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Laundry Love and Dignity

 Sister Regina Siegfried, ASC2 Comments

Sister Regina helps mend clothing

By Sister Regina Siegfried, ASC

While most of us take for granted the convenience of a washer and dryer, it’s actually a luxury inaccessible to many of our brothers and sisters.

A dozen years ago, a movement called Laundry Love started when a homeless man in Ventura, Calif., said having clean clothes would help people see him as a human being.

Since then, communities, schools, churches and other groups have been lifting people’s dignity by helping them get their clothes cleaned at partner laundromats. Even the pope sponsors a laundry for needy people in Rome.

St. Vincent de Paul Church, my home parish in St. Louis, recently launched its own take on this national ministry. Our parish already does a lot of outreach to low-income folks, formerly incarcerated women and homeless people. We have a food pantry and serve meals regularly. Now, we’re providing some of those friends and guests the opportunity to wash their clothes free of charge at a neighborhood laundromat. 

Spearheaded by parishioner Tom McCrackin and an enthusiastic planning committee, this group of parishioners met several times to organize Laundry Love, St. Vincent’s style.

The committee visited churches that sponsor similar programs, learned their best practices, and met with the owner of the laundromat several times to work out the details of our new parish venture.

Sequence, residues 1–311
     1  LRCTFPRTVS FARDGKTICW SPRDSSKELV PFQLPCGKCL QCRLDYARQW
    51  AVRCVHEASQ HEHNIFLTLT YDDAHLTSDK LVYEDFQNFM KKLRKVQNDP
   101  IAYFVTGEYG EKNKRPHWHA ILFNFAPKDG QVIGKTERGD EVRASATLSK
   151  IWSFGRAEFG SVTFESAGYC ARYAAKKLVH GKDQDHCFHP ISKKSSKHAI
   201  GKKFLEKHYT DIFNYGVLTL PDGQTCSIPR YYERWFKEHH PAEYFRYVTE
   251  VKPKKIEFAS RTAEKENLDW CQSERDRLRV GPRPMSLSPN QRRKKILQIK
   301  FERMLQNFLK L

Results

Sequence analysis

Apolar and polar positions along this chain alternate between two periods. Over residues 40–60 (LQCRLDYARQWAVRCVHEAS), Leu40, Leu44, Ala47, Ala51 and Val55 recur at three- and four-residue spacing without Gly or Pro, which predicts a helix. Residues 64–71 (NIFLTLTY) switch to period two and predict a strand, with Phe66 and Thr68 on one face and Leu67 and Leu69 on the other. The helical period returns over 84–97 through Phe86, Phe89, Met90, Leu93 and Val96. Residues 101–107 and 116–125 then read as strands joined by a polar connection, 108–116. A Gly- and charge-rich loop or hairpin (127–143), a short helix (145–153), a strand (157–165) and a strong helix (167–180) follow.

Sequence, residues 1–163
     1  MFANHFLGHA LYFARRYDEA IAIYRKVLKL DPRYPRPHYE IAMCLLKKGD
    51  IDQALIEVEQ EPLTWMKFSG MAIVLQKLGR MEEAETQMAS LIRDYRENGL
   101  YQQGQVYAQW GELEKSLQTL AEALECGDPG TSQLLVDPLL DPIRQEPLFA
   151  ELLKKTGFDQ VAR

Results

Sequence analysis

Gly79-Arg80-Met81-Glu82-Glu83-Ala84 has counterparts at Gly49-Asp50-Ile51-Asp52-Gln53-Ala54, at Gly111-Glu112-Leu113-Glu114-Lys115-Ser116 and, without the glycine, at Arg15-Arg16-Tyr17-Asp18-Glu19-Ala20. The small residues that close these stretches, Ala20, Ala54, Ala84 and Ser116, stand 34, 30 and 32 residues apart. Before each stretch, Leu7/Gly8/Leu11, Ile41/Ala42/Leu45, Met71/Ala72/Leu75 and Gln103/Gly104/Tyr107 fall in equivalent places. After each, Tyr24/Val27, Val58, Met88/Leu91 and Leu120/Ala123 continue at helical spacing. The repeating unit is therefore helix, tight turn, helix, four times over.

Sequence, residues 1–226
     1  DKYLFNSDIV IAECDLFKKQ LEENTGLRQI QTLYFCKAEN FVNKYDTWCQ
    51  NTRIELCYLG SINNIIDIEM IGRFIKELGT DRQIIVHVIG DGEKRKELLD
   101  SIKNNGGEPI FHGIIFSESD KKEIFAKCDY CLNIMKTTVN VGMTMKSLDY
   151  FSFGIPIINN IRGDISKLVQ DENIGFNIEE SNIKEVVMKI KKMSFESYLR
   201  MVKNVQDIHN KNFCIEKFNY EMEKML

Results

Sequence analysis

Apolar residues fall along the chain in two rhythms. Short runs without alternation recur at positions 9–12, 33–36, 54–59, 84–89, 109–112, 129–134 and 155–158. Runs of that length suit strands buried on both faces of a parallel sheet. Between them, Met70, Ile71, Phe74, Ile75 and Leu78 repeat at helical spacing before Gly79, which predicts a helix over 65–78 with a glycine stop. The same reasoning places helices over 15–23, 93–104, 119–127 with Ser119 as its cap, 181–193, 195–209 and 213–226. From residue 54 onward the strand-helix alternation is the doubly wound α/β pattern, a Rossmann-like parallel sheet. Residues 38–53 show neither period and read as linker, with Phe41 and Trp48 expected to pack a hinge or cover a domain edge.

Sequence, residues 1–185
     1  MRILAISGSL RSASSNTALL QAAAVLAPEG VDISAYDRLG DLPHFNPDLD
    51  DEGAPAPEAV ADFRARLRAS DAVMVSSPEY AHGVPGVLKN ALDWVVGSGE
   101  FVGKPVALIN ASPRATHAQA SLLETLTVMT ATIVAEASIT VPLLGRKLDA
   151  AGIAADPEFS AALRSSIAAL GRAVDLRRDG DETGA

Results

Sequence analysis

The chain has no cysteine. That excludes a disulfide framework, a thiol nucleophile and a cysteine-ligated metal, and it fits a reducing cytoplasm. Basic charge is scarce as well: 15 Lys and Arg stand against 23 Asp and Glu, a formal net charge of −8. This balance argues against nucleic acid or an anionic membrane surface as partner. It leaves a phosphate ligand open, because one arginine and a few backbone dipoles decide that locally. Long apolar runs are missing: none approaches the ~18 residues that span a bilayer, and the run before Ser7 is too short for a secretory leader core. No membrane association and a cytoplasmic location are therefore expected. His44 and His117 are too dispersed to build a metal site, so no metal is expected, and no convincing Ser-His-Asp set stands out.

Empty Tide boxes placed in front of the altar of our church invite all parish members to contribute their quarters to this new ministry.

The Adorers of the Blood of Christ contributed a generous donation to help sustain the ministry, and employees at the Adorers’ mission center in St. Louis are helping fill a jar by the coffee maker with even more quarters.

So it was with a discernable amount of excitement that we met at the parish to collect laundry detergent, dryer sheets, rolls of quarters, a sewing basket, and other necessities for the short drive to the laundromat.

We arrived 20 minutes early, but several of our meals guests had gotten there ahead of us, eager to use the washers and dryers.

Volunteers signed in, paired up with quarters and Tide pods, and got to work feeding the machines, putting in the detergent, and chatting with our guests.

Many of us already know the people who crowded the doorway that day. It was wonderful to talk to them in another context and place. They are still the people we’ve come to know and love as brothers and sisters in Christ.

Over the next hour or so, washers sloshed, driers tumbled, conversation flowed, and grace abounded.

The people who exited with clean laundry expressed their gratitude and offered their blessings to the volunteers.

The gospel doesn’t have a beatitude that says “Blessed are those who help others wash their clothes,” but this is gospel work, a work of mercy done with loads of love.

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